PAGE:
- Pre-term birth
It can get expensive, too, as women who smoke will need nearly twice as many IVF cycles to get pregnant, and there are higher levels of toxic heavy metals and nicotine derivatives in the follicles of women who smoke. As expected, the longer someone smokes, the bigger the effect on fertility, with it taking an average of 9% more IVF cycles to get pregnant for each year of smoking, so smoking for ten years almost doubles the number of IVF cycles. vii
Cigarette smoke directly harms a man’s sperm and DNA, but this isn’t the only way smoking affects male fertility, as semen samples are usually worse for smokers, typically with lower values for:
- Sperm numbers
- Sperm concentration
- Semen volume
- Capacity to fertilise eggs viii
Cigarette smoke also alters a man’s hormone balance; increasing levels of the “female” hormone estradiol, which reduces fertility and increases female characteristics, as well as increasing the chances of:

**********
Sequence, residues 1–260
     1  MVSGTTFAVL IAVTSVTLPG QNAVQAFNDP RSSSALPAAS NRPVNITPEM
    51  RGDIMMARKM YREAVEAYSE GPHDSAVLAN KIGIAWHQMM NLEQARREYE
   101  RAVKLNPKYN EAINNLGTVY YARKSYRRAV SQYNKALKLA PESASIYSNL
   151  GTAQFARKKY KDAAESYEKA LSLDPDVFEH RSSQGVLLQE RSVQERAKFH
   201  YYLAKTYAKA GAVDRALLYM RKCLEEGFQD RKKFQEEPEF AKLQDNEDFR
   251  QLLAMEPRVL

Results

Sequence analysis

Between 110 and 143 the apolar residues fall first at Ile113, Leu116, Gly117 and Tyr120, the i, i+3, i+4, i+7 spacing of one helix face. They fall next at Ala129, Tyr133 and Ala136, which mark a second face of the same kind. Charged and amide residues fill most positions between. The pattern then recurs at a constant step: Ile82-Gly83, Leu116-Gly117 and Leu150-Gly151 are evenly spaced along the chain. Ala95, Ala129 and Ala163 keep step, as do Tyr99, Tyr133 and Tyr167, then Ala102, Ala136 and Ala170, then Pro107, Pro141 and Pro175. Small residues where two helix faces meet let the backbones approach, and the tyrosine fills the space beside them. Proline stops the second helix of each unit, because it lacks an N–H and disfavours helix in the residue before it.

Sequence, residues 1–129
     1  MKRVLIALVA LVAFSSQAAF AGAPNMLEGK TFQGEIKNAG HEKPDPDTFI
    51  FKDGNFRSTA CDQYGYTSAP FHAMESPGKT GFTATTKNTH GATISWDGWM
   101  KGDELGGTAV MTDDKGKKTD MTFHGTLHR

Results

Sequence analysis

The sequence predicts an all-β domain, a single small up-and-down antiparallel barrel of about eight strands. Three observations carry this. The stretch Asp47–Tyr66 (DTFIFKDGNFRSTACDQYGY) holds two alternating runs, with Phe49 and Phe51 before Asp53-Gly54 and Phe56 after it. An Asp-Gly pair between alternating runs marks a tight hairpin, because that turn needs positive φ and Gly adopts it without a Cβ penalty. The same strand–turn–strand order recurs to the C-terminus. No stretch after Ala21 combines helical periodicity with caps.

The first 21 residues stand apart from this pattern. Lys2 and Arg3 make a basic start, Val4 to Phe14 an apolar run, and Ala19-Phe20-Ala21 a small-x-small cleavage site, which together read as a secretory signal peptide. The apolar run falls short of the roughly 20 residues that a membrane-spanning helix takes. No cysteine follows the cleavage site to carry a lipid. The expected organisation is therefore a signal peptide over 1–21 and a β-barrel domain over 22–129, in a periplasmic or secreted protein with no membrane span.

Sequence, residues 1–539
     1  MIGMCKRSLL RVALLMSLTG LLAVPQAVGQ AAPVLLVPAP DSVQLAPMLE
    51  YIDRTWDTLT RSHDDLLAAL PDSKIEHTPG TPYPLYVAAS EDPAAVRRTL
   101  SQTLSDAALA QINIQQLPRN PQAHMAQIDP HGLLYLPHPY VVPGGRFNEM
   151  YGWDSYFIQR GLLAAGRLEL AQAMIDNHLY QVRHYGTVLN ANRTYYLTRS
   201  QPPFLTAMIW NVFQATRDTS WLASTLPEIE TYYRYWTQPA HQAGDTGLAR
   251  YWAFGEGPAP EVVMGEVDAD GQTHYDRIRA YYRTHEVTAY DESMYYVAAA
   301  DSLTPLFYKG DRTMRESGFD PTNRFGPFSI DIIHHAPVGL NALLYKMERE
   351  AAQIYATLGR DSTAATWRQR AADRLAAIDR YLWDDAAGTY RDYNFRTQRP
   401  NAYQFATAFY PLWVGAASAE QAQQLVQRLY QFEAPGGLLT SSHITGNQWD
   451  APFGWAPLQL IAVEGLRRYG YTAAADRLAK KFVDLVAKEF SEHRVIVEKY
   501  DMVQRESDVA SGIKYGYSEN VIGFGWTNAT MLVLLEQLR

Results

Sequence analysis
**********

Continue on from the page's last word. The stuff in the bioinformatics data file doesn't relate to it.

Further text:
- Wasting of the testes (testicular atrophy)
- Erectile dysfunction due to reduced circulation
- Inflammation of the testes from higher oxidative stress levels ix
Effects on the child
Smoking by either parent around the time of conception can have significant effects on the health of their children:
- Smoking by mothers increases the risk of low birth weight and congenital disabilities in their children. x
- When fathers smoke 20 or more a day, it increases their child’s risk of childhood leukaemia xi and reduces the reproductive lifespan of their daughters. xii
Things that help